via Bulawayo24 NEWS | Kenya and the International Court of Justice (ICC) by Njabulo 18 November 2013
The current news is that some of the UN member states have opposed the extension of time for the trial of Kenya leaders. However, this does not mean that the ICC will follow that decision. The ICC has the final say as it is a competent court of law which operates within the parameters of statutes or within the confines of international law. That is, the decision arrived at by the UN is not binding to the ICC. The decisions of the ICC are binding on all lower courts or rather on all national courts. That is, they are supreme.
They cannot be overturned by any government or national court in any state or in any part of the world. Those decisions cannot be overturned by any parliament. That includes the UN. The UN is not a court of law. By its designation or its constitution, the UN only deliberates on matters that affect the member states. It does not wield the authority to adjudicate on any criminal cases.
It can only refer a matter to a competent court of law (ICC). The decision to grant leave of the court or leave to appeal is solely a duty of the ICC. By ‘leave’, we mean the permission by the court. Now the crux of the matter here is that the UN is urging the ICC not to allow the Kenyan leaders any grace period or leave up to a year.
Our human rights watch has concluded that it would be unjust, unfair and unreasonable if the ICC blindly follows that decision arrived at by the UN. That will be unfair to Kenya and Africa as a whole. The ICC would have seized to save its purpose. That is to ‘save justice’ or to be impartial as a competent court of law.
The ICC should not arrive at its decisions with undue influence from the so called ‘super powers’. That is, when the ICC is adjudicating on African cases.
More importantly, it should not be used as an institution to reciprocate or for reprisal by other states that would be having a vested interest in any case that the ICC handles. The ICC should not be used as a tool of changing leaders in Africa. It should not be used as a weapon of regime change.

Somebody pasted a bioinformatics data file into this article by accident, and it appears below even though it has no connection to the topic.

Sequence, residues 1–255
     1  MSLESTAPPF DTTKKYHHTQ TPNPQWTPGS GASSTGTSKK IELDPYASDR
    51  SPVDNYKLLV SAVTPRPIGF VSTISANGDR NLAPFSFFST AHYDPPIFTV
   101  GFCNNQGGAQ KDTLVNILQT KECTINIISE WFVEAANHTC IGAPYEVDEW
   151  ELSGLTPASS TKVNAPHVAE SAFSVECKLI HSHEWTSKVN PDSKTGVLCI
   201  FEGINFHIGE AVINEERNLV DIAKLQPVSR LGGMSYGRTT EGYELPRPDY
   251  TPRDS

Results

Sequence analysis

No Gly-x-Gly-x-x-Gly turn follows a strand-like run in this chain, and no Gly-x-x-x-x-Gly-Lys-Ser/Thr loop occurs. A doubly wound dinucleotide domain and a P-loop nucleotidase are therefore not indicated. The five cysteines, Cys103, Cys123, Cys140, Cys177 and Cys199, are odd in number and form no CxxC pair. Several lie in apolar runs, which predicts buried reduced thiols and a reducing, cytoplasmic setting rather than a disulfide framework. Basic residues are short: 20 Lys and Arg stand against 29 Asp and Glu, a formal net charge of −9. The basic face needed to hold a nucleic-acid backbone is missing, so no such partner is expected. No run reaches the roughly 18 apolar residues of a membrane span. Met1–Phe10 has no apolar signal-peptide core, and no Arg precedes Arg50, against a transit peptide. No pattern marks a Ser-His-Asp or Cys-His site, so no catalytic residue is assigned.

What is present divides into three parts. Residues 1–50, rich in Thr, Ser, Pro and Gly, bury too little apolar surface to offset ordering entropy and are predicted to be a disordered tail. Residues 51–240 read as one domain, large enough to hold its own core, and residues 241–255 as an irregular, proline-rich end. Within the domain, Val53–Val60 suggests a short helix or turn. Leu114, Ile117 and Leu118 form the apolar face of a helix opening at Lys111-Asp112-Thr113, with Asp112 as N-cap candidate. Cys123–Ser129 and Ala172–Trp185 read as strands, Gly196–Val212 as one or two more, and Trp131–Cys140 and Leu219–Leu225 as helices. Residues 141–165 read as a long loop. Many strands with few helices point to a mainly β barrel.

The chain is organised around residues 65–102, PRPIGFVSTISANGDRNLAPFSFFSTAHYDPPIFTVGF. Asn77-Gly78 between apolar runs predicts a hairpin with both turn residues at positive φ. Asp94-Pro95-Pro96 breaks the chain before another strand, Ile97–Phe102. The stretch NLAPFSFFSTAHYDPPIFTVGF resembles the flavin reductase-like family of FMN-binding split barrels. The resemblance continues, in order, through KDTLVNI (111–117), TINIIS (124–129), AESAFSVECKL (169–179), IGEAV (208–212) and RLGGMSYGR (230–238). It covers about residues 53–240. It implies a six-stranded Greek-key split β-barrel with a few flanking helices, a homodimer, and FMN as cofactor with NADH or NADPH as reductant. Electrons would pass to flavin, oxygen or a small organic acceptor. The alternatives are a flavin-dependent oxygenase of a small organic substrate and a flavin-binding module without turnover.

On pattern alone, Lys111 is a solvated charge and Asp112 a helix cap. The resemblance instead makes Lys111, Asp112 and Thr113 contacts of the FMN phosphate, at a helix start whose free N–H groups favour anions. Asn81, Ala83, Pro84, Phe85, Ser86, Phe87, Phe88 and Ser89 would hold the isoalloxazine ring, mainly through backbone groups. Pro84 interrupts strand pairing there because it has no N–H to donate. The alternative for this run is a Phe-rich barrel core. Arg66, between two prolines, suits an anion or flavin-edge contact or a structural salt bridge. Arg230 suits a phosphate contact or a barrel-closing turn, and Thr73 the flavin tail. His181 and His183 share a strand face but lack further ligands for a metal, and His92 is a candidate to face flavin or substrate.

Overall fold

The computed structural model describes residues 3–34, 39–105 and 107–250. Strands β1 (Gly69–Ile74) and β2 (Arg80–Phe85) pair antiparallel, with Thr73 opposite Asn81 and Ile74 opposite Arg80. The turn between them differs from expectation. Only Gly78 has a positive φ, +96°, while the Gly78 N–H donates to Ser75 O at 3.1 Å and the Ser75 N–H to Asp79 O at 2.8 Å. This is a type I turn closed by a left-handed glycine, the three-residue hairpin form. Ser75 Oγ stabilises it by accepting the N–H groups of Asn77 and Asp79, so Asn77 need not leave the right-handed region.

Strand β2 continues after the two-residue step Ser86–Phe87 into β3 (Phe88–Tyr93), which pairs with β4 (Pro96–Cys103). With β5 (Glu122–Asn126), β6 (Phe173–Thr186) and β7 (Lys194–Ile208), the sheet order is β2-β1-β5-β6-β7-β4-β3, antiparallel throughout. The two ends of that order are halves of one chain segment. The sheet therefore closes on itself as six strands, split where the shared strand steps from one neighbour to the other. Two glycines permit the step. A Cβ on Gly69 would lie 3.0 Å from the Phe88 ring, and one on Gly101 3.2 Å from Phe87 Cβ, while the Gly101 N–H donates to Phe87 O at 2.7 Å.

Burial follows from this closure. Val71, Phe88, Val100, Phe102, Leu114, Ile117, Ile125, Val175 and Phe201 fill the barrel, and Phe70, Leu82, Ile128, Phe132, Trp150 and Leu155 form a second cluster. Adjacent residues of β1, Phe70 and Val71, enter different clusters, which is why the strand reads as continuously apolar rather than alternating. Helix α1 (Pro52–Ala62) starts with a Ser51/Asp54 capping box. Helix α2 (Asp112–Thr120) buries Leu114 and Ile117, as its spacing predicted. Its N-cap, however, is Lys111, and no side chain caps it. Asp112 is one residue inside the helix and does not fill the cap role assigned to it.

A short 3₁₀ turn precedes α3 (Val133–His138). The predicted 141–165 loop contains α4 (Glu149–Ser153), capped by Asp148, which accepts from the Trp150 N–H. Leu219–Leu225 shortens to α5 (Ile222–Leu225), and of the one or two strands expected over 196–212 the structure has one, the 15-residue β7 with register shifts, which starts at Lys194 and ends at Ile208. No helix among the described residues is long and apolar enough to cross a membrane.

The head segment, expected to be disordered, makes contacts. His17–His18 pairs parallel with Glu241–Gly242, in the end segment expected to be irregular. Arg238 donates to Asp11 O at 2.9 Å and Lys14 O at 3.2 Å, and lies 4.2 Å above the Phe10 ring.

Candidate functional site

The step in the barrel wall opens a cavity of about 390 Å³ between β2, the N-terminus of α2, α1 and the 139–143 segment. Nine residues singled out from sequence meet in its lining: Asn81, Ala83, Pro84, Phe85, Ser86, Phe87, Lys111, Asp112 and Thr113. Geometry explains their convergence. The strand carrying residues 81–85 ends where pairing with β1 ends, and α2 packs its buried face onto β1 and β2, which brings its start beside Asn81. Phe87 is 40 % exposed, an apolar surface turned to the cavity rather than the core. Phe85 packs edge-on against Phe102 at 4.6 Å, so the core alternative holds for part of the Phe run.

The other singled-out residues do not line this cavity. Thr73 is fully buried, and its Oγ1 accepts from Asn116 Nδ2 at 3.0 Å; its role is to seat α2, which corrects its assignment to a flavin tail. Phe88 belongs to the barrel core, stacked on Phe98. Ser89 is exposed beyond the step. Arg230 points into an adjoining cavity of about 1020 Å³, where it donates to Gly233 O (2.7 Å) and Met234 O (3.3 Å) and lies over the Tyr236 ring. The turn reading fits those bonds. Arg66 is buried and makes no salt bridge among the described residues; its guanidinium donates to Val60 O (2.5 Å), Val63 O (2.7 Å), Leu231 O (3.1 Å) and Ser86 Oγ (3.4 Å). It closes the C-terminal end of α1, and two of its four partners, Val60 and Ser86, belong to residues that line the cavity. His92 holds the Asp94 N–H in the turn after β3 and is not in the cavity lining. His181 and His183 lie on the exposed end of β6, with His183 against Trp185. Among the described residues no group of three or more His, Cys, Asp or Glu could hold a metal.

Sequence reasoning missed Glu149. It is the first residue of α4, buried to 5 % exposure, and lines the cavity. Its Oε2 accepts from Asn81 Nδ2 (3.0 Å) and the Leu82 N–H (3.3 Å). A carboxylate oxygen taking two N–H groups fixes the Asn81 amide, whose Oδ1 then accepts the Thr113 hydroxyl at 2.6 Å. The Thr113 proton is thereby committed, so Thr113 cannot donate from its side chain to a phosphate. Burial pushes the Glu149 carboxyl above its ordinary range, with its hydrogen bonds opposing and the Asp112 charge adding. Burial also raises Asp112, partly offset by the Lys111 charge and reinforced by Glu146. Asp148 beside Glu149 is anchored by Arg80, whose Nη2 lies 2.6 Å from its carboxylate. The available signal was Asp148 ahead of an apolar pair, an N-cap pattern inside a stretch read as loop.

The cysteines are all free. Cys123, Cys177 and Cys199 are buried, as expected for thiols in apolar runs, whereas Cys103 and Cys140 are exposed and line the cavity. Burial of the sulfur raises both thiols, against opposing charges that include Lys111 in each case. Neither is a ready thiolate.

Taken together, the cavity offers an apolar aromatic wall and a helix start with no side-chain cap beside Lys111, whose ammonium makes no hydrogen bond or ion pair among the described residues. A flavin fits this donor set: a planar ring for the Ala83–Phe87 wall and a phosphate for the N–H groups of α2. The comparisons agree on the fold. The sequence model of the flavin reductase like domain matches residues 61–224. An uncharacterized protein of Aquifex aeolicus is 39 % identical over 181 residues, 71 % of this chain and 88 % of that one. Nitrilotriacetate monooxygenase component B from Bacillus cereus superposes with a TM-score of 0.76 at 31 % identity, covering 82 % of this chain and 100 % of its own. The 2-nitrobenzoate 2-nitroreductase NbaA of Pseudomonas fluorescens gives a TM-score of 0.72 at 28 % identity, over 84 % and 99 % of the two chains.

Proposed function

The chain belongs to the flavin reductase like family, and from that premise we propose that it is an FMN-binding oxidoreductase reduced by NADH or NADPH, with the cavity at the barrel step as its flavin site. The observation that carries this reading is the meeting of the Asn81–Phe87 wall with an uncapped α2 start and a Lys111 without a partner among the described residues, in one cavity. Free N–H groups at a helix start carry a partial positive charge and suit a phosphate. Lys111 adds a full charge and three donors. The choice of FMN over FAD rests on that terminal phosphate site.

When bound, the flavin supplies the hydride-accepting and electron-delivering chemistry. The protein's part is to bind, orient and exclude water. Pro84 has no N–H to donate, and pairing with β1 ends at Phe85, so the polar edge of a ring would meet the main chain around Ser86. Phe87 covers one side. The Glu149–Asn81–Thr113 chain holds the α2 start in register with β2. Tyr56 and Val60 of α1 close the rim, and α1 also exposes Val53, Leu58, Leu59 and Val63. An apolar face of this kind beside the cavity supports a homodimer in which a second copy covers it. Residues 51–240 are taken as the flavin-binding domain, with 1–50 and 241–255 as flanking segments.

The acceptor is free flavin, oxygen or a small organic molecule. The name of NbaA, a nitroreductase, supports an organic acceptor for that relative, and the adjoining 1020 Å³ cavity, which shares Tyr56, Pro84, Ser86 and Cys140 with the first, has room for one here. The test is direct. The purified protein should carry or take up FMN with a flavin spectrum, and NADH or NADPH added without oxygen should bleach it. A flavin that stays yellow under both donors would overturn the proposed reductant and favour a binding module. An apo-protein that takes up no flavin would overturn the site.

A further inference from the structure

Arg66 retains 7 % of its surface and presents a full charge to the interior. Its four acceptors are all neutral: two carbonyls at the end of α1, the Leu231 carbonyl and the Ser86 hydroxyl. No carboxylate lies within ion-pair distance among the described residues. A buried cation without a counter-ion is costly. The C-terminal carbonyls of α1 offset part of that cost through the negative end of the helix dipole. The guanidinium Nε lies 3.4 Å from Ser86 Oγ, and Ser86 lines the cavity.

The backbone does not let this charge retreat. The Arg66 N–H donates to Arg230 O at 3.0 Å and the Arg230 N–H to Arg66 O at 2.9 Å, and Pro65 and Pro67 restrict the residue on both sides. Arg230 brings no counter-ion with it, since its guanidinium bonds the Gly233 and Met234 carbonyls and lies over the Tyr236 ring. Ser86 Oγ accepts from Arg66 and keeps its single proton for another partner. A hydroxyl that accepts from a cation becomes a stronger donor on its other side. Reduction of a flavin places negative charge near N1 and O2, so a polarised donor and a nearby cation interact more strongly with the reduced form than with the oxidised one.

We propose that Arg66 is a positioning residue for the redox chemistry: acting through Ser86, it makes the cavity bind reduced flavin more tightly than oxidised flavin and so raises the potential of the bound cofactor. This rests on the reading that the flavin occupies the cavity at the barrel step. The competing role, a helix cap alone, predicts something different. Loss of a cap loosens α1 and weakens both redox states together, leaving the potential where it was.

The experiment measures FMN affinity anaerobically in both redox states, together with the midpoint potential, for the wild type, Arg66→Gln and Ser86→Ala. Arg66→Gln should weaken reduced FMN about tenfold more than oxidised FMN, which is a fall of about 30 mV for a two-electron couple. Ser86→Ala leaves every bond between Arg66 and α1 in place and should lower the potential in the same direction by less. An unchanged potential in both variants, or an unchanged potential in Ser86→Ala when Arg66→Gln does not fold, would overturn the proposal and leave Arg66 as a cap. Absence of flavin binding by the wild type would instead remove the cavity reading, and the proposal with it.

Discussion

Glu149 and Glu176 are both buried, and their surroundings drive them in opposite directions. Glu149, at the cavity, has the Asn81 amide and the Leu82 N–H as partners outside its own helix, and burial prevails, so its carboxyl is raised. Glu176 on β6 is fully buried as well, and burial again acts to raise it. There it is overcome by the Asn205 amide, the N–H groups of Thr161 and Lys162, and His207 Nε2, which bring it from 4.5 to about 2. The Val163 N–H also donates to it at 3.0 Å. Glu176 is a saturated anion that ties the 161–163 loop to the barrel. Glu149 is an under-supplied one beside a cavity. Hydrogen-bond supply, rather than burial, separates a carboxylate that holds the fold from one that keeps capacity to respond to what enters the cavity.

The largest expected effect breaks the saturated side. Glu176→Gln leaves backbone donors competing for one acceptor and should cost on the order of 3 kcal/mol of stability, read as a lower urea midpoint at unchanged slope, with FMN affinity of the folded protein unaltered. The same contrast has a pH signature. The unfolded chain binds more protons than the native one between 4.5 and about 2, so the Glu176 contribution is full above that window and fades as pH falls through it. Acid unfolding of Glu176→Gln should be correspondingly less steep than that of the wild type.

To this end, the ICC has to change the law which allows for the subpoenaing or trying anyone who is currently a President or Prime minister of any sovereign state. This is because, the leaders in question would have been voted to power or government by the majority of the people of their country.
The ICC operates within the ambit of international law. The international law stipulates that, the leaders of any state are to be democratically elected to power by their people ,unless other wise. In this case the people of Kenya elected the current Kenyan leadership. Therefore, in the eyes of international law they have the legal right to run their terms in office until they are voted out of office or relinquish their positions or their people have passed a vote of no confidence in line with their national constitution.
One could imagine a Prime minister or President of a first world country being subpoenaed to a national court or international court whereby there can be a chance for them to be indicted for a criminal case. That would mean that they will have to abandon their state or government duties.
That is the case with the Kenyan leaders, there is crisis in Kenya at the moment. The Kenyan leaders need to bring about stability in their country, lest the enemy capitalises on their absence. Therefore, the ICC should postpone their cases until their terms of office are over.
The ICC and the UN should take it into cognoscente that what they are trying these leaders for could repeat itself if the leaders in question relinquish their positions for the pending case(s) in question.
In any case, why should there be inequalities in the way the ICC operates? Why should Africa be disadvantaged always?. Why should wrong conditions be set for Africa? For example the setting of conditions, by the IMF, UN and other institutions that render help, or deal with governing or administration of world treaties.
It is time that the AU (African Union) makes a well written submission to the ICC and the UN. It is time the AU sets its own conditions without fear or prejudice. Why should Africa play a second fiddle in everything? Something needs to be done by the AU.
Many Africans now despise the Africa Union because of its deficiencies in running the affairs of Africa or handling of the African affairs. This perception needs to be changed.
The AU needs to be very objective in its approach in all international matters or dealings. It needs not be kicked left right and centre by other organisations or stop all bullying of it by other world organisations or continents or individual countries.
The coups that have beset Africa could be eradicated or avoided if the AU becomes effective. The killing of Muammar Gaddafi could have been prevented if the AU was an effective and efficient organisation. The unnecessary revolutions can be obviated if its house is in order. The sabotage of African economies by its enemies could be avoided if the AU is functional but not dysfunctional. The unnecessary sanctions and neo-colonialism could also be stopped if the AU is a viable organisation.